Holiday Shoppers Waiting Out Merchants

Discussion
Dec 06, 2006

By George Anderson


Despite some of the consumer craziness caught by cameras on Black Friday, this year’s holiday shopping season is off to a slow start.


Research conducted by the International Council of Shopping Centers and UBS Securities showed 25 percent of shoppers had finished most of their holiday gift buying by Dec. 3. That’s down from 32 percent each of the prior two years.


Sales for the week following Thanksgiving fell 3.1 percent, getting this year’s holiday shopping season off to the slowest start in four years.


Dan Popowics, an analyst with Fifth Third Asset Management, told Bloomberg News, consumers are “procrastinating” this year.


“Shoppers are savvy and realize that in some cases they can be rewarded for waiting,’ said Mr. Popowics. “The calendar needs to turn over a few more days before the season heats up a bit.”


ICSC Chief Economist Mike Niemira said, “I’d be surprised if you saw a boom from here on out or a bust. I suspect that you will see a lot of the buying particularly in the last two weekends before Christmas.’


Discussion Questions: Do you see any significance in the decline in the percentage of shoppers who have finished their gift buying so far this year compared
to previous Christmases? Has the apparent plan by retailers to limit discounts been the cause of the slow start to the season?

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10 Comments on "Holiday Shoppers Waiting Out Merchants"


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Camille P. Schuster, Ph.D.
Guest
15 years 5 months ago

With the possibility of Play Station 3s and Nintendo Wiis becoming available a good number of consumers are trying to decide whether they will be able to get the gaming console or do they need to think of an alternative. Not wanting to purchase alternative gifts if the possibility of obtaining a gaming console exists, they will certainly be delaying purchases.

That lack of commitment may be spilling over to other decisions. Will there be better sales later now that I missed Black Friday? Should I purchase now or should I wait?

Jeff Weitzman
Guest
Jeff Weitzman
15 years 5 months ago

Oh Ryan, you sentimental fool, you! 🙂 Seriously, I hope you’re right but I doubt it. But maybe there’s a kernel of truth there. People may be tiring of the Black Friday madness and realizing that they have an entire month to find appropriate gifts without being trampled at a Wal-Mart. With the continued uneasiness about the economy, with real wages for most Americans stagnant and no realistic solutions being offered for the various global issues we face, it’s also possible consumers are just being a little more cautious in their spending.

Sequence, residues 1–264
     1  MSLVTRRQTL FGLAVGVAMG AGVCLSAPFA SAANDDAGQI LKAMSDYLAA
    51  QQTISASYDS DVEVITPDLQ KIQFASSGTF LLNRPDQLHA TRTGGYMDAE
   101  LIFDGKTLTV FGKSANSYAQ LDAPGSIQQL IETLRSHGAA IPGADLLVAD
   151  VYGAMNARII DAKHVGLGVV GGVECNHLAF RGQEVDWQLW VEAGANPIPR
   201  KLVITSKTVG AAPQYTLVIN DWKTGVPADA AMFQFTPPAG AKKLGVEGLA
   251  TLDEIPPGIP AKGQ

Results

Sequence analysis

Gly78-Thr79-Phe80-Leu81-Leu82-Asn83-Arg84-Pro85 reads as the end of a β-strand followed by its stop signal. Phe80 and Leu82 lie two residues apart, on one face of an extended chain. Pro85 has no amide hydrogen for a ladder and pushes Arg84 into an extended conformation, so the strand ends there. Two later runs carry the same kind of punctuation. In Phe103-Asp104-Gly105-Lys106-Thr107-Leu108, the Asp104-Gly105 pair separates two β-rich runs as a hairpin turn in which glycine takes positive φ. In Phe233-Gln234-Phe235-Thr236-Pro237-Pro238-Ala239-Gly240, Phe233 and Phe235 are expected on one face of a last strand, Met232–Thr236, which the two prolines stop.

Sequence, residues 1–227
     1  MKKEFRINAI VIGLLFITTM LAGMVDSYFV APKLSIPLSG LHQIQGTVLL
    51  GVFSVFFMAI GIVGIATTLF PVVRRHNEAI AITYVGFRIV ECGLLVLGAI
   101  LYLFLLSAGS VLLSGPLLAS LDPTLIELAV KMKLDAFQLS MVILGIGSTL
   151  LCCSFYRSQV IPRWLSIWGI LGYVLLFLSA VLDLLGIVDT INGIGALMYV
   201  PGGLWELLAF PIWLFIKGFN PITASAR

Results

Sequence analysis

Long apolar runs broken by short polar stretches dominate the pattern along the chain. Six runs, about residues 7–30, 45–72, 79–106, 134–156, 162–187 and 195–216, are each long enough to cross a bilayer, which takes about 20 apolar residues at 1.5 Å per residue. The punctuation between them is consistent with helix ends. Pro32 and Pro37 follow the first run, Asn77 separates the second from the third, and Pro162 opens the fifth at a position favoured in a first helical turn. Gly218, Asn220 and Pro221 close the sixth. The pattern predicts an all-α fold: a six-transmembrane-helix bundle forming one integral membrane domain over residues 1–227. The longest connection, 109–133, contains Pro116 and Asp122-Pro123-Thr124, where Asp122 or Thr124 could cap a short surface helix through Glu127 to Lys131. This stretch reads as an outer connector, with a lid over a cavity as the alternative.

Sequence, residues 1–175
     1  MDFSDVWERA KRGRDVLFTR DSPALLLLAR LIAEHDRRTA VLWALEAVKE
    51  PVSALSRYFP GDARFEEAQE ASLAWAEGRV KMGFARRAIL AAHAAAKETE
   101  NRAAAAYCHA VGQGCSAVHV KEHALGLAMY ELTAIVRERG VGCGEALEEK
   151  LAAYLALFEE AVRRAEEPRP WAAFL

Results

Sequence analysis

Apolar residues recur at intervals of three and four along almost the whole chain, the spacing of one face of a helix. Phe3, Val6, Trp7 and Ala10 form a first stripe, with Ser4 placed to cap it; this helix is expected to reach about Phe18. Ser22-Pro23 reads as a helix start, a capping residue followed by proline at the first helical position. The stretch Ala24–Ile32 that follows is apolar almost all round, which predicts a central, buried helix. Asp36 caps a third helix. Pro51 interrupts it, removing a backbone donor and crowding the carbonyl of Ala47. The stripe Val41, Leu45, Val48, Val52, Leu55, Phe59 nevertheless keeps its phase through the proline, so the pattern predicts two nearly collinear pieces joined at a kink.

Michael Tesler
Guest
Michael Tesler
15 years 5 months ago

I generally do not believe and totally discount survey results even though they are right a good 50% of the time. However, it does make sense that the more Black Friday is promoted and the more people buy that particular day (at low promotional prices) the less they need to buy after that particular day…….yes, stores are once again robbing Peter to pay Paul or is it PayPal?

Li McClelland
Guest
Li McClelland
15 years 5 months ago
Don’t know whether it can be considered a trend or not, but many, many folks in my acquaintance have independently commented that they specifically avoid the Thanksgiving-to-Christmas madness by doing their holiday shopping throughout the year. By keeping their eyes open and availing themselves of a variety of sources including regular and specialty stores, art shows, charity and cause websites, while also using vacation and business travel as opportunities to find something “different,” they pick up special and individualized gift items for family, friends and associates on their list. I have done this myself for years and just spent most of the day after Thanksgiving wrapping for imminent delivery the gifts I had accumulated during the year. When someone opens the present and finds that it is not yet another scarf or tie or sweater or gift card they are happy and appreciate the fact that special thought and effort has gone into the selection of their gift. Of course, the latest teen fashion accessory, child’s toy or hot electronic device has to be acquired… Read more »